We all know that eating dark leafy greens is good for us, right? So that’s why for lunch lately I’ve been on a health kick to eat a big bowl of dark leafy greens topped with a lean protein source. I have, however, been subject to some good-natured ribbing around my office regarding my lunch selections. So I decided to research my lunch ingredients, and why I, as well as my inquisitive co-workers, already know it’s something of a power lunch, in the most nutritious of ways. First, the base of my lunch: a mix dark leafy greens (today it’s spinach, baby bok choy, and red and green chard).
The USDA describes the following general health benefits by eating your vegetables:
- Eating a diet rich in vegetables and fruits as part of an overall healthy diet may reduce risk for heart disease, including heart attack and stroke.
- Eating a diet rich in some vegetables and fruits as part of an overall healthy diet may protect against certain types of cancers.
- Diets rich in foods containing fiber, such as some vegetables and fruits, may reduce the risk of heart disease, obesity, and type 2 diabetes.
- Eating vegetables and fruits rich in potassium as part of an overall healthy diet may lower blood pressure, and may also reduce the risk of developing kidney stones and help to decrease bone loss.
- Eating foods such as vegetables that are lower in calories per cup instead of some other higher-calorie food may be useful in helping to lower calorie intake.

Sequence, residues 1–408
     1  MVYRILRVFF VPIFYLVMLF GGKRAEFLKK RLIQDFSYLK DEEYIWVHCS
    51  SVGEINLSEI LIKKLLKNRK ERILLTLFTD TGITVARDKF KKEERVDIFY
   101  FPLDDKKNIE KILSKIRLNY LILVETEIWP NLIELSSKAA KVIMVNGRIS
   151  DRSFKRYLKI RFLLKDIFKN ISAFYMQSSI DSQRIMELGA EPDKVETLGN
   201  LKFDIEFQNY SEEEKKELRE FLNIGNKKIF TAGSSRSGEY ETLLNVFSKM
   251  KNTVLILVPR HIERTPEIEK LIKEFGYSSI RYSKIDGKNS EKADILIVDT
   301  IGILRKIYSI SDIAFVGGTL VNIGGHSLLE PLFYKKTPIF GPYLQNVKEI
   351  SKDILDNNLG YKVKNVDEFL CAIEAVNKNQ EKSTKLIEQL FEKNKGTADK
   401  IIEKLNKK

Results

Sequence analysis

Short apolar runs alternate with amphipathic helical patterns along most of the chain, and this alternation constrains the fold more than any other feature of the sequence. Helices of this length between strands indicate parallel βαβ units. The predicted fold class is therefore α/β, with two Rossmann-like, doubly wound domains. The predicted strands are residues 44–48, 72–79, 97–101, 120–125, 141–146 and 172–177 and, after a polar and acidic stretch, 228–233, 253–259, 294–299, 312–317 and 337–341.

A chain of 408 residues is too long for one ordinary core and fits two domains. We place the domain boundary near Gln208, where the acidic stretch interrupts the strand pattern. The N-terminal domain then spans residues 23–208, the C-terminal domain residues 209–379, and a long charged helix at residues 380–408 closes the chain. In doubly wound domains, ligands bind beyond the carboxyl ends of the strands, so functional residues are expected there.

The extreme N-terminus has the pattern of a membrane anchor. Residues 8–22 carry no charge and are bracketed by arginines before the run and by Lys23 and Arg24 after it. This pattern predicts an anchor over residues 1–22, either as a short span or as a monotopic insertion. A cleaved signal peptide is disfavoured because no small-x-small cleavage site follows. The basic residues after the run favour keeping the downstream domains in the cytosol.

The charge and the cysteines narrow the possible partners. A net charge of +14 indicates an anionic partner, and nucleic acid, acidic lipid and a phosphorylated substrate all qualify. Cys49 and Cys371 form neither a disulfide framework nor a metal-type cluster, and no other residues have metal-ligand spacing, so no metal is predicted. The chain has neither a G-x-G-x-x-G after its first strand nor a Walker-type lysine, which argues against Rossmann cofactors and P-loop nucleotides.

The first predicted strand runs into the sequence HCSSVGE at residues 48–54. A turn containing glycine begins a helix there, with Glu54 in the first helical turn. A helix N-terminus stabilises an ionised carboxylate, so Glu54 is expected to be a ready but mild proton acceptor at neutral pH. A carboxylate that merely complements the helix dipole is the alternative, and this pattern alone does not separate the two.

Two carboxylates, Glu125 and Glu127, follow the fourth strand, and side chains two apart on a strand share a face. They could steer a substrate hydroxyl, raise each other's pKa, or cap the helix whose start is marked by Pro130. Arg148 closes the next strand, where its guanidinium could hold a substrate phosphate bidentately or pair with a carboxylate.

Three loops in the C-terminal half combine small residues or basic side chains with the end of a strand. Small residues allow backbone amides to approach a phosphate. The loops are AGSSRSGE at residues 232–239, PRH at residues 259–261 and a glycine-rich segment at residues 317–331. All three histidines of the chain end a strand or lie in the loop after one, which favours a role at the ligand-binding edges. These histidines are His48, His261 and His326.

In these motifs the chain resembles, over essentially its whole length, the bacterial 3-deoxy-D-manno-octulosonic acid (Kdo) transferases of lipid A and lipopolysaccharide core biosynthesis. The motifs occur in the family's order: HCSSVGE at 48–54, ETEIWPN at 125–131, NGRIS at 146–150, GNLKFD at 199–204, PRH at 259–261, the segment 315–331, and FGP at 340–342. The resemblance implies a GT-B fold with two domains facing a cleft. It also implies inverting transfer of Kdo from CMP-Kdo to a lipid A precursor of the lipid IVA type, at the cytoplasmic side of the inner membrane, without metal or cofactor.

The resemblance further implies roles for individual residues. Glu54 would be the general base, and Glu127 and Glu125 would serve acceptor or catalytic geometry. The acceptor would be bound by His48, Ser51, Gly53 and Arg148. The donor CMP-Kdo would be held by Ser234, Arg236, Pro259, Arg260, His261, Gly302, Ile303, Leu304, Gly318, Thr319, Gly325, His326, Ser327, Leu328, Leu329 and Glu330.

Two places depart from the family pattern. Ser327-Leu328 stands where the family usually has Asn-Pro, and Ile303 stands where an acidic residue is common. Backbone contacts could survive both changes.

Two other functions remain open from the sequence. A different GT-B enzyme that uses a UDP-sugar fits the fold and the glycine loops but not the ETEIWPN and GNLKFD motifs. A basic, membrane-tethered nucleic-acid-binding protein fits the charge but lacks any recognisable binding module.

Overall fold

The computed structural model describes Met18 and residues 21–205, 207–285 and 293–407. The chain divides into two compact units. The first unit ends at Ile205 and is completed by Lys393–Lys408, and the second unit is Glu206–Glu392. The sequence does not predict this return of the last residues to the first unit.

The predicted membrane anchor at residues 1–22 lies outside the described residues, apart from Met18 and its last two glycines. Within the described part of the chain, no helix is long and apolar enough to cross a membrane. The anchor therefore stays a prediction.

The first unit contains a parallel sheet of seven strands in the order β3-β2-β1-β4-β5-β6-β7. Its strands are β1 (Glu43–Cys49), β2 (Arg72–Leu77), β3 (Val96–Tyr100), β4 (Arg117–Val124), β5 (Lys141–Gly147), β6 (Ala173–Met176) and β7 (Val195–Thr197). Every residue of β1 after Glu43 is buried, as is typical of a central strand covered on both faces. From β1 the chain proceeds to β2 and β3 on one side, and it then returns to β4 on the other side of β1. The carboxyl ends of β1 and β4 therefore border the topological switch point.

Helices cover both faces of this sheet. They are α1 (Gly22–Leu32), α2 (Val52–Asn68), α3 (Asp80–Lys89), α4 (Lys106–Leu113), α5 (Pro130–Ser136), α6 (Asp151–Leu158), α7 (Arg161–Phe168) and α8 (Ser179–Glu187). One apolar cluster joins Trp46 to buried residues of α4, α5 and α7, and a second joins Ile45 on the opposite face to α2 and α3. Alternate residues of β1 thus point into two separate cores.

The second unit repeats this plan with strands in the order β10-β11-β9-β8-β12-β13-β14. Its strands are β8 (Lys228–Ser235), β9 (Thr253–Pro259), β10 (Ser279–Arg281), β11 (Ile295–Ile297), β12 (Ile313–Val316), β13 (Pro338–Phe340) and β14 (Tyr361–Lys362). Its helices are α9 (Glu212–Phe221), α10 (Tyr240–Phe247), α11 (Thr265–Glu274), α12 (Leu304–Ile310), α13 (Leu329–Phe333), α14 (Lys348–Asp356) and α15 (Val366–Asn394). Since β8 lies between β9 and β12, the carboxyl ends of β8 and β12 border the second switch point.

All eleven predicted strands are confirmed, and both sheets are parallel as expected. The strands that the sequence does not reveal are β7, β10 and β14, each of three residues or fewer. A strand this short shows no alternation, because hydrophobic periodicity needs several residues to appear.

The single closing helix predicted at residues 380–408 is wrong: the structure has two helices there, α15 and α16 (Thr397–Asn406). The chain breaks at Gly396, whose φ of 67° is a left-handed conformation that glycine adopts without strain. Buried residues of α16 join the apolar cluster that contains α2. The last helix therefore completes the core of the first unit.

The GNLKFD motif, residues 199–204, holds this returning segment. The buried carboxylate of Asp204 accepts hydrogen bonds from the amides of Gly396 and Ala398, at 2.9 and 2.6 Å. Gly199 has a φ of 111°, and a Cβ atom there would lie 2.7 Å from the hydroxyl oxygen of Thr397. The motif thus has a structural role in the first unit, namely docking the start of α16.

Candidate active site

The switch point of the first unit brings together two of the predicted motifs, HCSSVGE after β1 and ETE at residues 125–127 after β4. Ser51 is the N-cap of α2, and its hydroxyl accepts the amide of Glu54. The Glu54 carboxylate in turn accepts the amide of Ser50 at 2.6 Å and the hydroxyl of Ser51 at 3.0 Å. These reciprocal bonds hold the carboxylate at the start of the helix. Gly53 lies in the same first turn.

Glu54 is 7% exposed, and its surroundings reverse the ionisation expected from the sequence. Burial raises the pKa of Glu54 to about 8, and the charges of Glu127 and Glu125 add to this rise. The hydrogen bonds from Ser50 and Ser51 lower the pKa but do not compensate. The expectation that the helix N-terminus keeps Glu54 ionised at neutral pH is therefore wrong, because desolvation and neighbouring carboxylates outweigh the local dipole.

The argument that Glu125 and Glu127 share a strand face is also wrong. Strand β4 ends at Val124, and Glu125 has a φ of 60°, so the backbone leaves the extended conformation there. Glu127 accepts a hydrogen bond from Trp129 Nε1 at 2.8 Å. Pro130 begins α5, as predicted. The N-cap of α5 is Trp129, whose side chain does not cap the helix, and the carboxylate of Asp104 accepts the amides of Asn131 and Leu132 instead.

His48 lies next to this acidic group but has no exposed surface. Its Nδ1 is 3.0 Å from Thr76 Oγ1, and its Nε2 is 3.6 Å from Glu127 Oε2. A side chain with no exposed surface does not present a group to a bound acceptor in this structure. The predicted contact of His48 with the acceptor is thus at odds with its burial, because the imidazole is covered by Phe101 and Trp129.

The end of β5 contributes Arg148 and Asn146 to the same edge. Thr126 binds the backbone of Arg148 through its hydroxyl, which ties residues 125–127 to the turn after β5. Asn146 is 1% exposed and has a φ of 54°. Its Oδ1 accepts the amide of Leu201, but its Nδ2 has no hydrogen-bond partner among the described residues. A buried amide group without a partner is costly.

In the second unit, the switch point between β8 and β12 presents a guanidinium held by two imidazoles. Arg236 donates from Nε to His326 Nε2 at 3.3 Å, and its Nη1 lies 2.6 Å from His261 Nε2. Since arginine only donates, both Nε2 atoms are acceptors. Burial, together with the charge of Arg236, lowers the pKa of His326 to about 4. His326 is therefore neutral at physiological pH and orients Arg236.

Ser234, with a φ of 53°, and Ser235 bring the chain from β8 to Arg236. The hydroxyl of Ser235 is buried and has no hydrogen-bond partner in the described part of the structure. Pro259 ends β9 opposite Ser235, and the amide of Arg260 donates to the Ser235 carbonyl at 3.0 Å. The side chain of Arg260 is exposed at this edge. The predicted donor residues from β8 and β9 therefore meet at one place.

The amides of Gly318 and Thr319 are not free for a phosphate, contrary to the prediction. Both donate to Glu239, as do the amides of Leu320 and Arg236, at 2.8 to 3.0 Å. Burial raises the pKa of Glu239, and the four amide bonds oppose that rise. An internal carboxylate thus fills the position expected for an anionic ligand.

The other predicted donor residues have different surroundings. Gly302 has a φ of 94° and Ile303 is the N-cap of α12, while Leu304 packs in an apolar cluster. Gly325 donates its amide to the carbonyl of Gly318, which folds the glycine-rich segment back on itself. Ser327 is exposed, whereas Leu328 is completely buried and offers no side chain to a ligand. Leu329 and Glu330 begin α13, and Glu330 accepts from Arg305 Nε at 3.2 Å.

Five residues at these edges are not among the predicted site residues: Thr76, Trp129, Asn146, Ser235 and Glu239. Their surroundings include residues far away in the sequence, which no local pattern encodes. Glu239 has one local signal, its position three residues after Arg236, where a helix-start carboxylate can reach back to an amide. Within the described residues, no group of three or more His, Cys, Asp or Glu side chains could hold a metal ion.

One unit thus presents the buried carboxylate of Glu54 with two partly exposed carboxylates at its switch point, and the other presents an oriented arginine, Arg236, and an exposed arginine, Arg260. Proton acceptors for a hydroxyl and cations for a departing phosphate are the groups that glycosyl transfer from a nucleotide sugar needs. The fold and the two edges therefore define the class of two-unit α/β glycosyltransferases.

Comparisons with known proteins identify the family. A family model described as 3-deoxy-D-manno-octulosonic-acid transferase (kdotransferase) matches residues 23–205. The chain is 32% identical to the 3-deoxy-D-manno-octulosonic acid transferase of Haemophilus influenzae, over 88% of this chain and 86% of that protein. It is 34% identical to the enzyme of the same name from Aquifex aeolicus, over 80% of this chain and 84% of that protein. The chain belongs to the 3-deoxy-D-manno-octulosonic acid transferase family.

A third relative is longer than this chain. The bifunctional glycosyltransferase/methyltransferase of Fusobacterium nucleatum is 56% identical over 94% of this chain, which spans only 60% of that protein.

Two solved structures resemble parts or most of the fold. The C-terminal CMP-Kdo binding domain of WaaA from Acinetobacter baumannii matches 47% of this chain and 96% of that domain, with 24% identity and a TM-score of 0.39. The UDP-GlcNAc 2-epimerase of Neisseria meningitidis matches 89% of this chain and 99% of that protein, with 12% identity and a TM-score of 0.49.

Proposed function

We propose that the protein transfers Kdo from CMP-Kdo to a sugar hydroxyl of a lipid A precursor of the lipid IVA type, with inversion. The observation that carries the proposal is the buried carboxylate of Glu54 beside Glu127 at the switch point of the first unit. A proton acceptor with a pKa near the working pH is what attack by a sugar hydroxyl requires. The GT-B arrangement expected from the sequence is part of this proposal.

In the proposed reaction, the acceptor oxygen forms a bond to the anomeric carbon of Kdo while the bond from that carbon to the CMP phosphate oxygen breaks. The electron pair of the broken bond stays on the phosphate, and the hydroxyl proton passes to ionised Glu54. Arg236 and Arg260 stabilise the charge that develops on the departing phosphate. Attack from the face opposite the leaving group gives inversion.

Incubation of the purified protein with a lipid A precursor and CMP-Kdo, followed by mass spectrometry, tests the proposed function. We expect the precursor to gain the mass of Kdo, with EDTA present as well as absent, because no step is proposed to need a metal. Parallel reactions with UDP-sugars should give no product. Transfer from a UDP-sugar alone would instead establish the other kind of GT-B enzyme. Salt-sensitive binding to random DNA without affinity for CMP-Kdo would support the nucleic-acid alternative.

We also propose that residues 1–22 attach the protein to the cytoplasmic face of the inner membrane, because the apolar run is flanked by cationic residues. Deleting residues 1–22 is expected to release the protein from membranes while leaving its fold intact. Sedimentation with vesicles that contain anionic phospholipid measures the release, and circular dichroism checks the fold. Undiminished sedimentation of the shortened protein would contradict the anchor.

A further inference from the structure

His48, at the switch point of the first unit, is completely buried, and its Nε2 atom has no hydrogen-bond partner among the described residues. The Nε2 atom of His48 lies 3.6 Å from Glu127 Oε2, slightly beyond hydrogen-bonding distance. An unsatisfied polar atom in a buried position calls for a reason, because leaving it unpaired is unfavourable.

And specifically, dark leafy greens are nutrition-dense, with loads of vitamins (Vitamin K, C, E and B), minerals (iron, potassium, magnesium and calcium) and fiber. Additionally they contain beta-carotene, lutein and zeaxanthin, which aide in disease prevention.
Second, the toppings. I’ve left this part for the end, because those co-workers of mine thought you might not still be reading if I let you in on my super power lunch protein choice, so here it is: a can of herring.
Surprised? Yep, herring is really good (I already like herring, but I love the lemon pepper variety), and there’s no need to add dressing, just dump the whole can on your salad! Sardines, smoked oysters and tuna — all on the “Good alternative” or “Best Choice” list on the Monterey Bay Aquarium Seafood Watch — are also delicious. They’re also very convenient and relatively inexpensive, especially if you stock up when they’re on sale. Fish is a super-food of protein choices, evidenced by the USDA Dietary Guidelines for Americans 2010:
“Mean intake of seafood in the United States is approximately 3 1/2 ounces per week, and increased intake is recommended. Seafood contributes a range of nutrients, notably the omega-3 fatty acids, eicosapentaenoic acid (EPA) and docosahexaenoic acid (DHA). Moderate evidence shows that consumption of about 8 ounces per week of a variety of seafood, which provide an average consumption of 250 mg per day of EPA and DHA, is associated with reduced cardiac deaths among individuals with and without pre-existing cardiovascular disease.”
A recent USDA paper says fish consumption is especially beneficial to pregnant and lactating women: “increased maternal dietary intake of long chain omega-3 fatty acids, in particular DHA from at least two servings of seafood per week during pregnancy and lactation is associated with increased DHA levels in breast milk and improved infant health outcomes, such as visual acuity and cognitive development.” (See complete February 2012 article.) And, just as I was getting ready to submit my blog, an article entitled “Brainpower Tied to Omega-3 Levels” appeared in the NY Times. How’s that for timing!
All this is not to say that chicken breast, tofu or beans are to scoff at, but do you get your USDA-recommended two servings of fish a week? What about that recommended two servings of chicken breast? Or tofu? Even beans don’t get a mention of how many times a week you should eat them. And for this I get razzed by my co-workers. Hmmph—bon appetite!